also a sibling to Pigeon Point Lighthouse, California and Bodie Island
Lighthouse, North Carolina. The light shines 162 feet above the ocean and can be
seen nineteen miles out to sea. But it gets even more interesting. In October
1920, lightening struck the tower. Keeper Wilson Ald was in the workroom below
the lantern room as the tower shook. Lucky for Ald, he wasn't near the lantern
room handrails where the electric current burned off the paint exposing the red
lead paint underneath. A few years later, Keeper William Smith went into town
with his family leaving assistants Herbert Higgins and Frank Story in charge.
Higgins fell ill and Story got drunk. Seeing that Story had not tended the
light, Higgins got out of his sickbed and went into the tower collapsing on the
landing near the lantern room. Smith noticed from Newport that the light was not
shining and hurried back to the lighthouse. Upon his arrival he found Higgins
dead and Story drunk. After that, Story filled with guilt, feared Higgins' ghost
and always took his bulldog into the tower during his rounds. John Zenor, a
stocky curly haired character, who served as keeper from 1932 - 1954, reported
of the ghost, "someone unseen would come in and go up the spiral stairs. After
the war [WW II] we never heard him again." There are still reports of a ghost
roaming the beach nearby - a young lady searching for her father who was swept
out to sea. Ships passing close to Yaquina Head have reported their compasses
going awry. While eerie, there is a simple explanation. There is a vein of
magnetized iron in the outcropping on which the lighthouse sits. If a ship
passes too close, a traditional compass will not give an accurate reading. And
it still continues. In 1998, Buddy, a 5-year-old German shepherd, was taking a
late rainy night walk with his master near the lighthouse when the dog fell over
a cliff. Rescue workers were called out and could hear the dog barking on the
beach below. After surveying the scene with search lights, it was determined
that the only way to retrieve the dog was to rappel down the cliff. While the
crew was waiting for additional help to arrive, the dog suddenly appeared
uninjured by one of the fire trucks. No one can understand how he got up the
slippery cliff. A second keeper's dwelling was built east of the original duplex
in 1923, as illustrated in this postcard. The historic duplex was torn down and
replaced in 1938 by a smaller dwelling. Yaquina Head Lighthouse has always been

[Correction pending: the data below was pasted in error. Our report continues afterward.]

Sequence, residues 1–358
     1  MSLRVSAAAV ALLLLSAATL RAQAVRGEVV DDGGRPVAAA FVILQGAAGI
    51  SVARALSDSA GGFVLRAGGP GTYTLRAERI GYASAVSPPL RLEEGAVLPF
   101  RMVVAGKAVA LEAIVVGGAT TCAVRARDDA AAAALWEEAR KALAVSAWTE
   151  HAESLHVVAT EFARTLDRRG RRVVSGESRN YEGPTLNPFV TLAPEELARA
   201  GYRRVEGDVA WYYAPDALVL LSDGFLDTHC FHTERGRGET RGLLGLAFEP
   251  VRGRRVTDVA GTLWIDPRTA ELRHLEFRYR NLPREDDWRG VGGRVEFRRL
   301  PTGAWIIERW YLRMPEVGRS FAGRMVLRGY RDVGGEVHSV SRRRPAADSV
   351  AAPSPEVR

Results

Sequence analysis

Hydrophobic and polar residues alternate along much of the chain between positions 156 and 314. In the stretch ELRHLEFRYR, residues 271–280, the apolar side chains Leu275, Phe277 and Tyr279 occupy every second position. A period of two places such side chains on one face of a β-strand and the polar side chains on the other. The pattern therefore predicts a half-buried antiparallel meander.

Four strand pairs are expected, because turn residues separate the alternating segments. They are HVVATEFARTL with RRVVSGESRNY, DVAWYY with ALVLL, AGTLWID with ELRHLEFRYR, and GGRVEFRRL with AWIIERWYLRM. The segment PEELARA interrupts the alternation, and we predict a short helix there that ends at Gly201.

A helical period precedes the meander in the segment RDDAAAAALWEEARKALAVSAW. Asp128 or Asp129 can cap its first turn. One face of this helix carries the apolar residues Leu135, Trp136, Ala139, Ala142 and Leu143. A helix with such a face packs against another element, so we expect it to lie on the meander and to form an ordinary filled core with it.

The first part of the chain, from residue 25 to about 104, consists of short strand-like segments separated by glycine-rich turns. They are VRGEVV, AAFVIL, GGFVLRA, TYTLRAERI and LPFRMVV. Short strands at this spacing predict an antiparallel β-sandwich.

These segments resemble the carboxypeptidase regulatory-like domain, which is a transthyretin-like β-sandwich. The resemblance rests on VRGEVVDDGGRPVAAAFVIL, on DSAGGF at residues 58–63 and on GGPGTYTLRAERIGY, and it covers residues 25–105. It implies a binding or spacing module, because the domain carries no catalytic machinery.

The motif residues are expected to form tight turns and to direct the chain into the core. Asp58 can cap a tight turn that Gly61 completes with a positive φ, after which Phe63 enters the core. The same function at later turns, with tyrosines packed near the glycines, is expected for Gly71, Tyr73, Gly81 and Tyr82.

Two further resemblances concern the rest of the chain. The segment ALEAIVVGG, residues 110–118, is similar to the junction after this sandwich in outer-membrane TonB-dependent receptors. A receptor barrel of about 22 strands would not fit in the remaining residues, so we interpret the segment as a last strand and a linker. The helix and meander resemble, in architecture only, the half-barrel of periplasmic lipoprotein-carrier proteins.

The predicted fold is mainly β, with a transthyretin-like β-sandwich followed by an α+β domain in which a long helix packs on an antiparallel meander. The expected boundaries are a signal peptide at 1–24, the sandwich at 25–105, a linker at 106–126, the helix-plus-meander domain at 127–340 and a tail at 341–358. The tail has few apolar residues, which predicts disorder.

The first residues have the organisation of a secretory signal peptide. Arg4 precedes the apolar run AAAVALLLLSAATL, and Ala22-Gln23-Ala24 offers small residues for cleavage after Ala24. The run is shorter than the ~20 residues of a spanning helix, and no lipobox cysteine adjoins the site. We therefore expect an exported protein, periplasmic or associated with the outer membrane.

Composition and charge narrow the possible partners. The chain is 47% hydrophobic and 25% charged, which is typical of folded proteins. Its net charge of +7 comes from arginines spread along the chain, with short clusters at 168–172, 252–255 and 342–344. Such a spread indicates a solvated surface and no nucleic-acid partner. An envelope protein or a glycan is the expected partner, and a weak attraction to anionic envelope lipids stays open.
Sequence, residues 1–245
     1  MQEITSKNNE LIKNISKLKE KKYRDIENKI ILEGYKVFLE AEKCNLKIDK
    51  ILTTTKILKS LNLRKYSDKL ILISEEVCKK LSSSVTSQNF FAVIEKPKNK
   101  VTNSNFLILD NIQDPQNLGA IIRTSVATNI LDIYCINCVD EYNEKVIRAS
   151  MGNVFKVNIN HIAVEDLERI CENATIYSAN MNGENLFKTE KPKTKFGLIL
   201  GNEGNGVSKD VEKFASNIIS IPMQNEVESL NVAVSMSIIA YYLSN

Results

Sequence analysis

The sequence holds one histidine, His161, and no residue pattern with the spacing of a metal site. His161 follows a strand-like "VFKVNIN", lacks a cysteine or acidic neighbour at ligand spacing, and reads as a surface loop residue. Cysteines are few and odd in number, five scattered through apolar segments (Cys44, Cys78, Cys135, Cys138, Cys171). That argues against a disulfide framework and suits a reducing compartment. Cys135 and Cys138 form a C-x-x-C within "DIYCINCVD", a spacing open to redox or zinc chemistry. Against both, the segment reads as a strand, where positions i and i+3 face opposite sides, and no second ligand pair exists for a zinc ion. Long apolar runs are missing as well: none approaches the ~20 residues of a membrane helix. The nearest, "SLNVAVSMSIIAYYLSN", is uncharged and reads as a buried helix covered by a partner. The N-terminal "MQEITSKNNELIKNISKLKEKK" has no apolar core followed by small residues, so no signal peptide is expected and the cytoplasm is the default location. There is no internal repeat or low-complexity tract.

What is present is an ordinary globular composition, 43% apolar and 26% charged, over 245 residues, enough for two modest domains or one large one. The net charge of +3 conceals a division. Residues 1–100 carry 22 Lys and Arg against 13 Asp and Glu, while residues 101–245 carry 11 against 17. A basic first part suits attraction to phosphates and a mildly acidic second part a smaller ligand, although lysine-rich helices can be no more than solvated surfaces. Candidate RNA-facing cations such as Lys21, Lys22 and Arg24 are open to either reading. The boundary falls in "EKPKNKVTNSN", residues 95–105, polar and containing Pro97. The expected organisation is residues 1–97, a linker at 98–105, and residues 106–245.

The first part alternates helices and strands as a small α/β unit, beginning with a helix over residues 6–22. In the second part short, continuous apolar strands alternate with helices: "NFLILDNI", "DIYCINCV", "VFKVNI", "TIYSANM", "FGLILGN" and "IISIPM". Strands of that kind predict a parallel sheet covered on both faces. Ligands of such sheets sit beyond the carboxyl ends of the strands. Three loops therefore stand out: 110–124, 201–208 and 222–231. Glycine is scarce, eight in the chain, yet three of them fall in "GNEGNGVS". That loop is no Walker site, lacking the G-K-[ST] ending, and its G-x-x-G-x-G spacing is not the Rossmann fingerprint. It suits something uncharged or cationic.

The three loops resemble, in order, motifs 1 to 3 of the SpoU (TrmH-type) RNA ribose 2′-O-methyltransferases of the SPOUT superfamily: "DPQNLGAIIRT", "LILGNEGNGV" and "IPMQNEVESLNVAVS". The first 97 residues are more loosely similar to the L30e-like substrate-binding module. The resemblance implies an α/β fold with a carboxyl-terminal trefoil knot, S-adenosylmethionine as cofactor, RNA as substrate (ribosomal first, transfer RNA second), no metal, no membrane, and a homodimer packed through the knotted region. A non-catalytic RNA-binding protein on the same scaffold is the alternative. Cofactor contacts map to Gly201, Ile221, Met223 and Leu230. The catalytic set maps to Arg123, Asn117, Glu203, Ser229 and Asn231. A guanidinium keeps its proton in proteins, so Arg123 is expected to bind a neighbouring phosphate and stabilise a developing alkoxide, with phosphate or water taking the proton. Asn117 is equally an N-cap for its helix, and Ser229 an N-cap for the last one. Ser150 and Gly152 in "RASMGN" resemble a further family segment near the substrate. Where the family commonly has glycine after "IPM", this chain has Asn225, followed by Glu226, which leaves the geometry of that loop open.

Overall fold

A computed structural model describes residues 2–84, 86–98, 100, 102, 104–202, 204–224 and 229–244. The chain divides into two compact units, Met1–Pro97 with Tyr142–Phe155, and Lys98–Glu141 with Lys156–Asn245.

popular with visitors, whether seen or unseen. Keeper Zenor reported at times he
would have up to 600 visitors in a day. In 1938, with close to 12,000 visitors,
it was the 4th most visited lighthouse in the United States. Taking pride in
what was considered one of the best maintained lighthouses on the West Coast,
Officially the Kingdom of Tonga (Tongan:
Pule?anga Fakatu?i ?o Tonga), an archipelago in the South Pacific Ocean,
comprises 169 islands, 36 of them inhabited. The Kingdom stretches over a
distance of about 800 kilometres (500 miles) in a north-south line. The islands
that constitute the archipelago lie south of Samoa, about one-third of the way
from New Zealand to Hawai?i. Tonga also became known as the Friendly Islands
because of the friendly reception accorded to Captain James Cook on his first
visit in 1773. He happened to arrive at the time of the ?inasi festival, the
yearly donation of the first fruits to the Tu?i Tonga, the islands' paramount
chief, and received an invitation to the festivities. According to the writer
William Mariner, in reality the chiefs had wanted to kill Cook during the
gathering, but could not agree on a plan. Apart from being the only sovereign
monarchy among the island nations of the Pacific Ocean, Tonga can also lay claim
to being the only island nation in the region to have avoided formal
colonisation. Tonga plans to become a fully functioning constitutional monarchy
after legislative reform and a more fully representative election take place in
2010. Etymology In many Polynesian languages the word tonga means "south". The
name of Tonga derives from the word Tongahahake, which translates to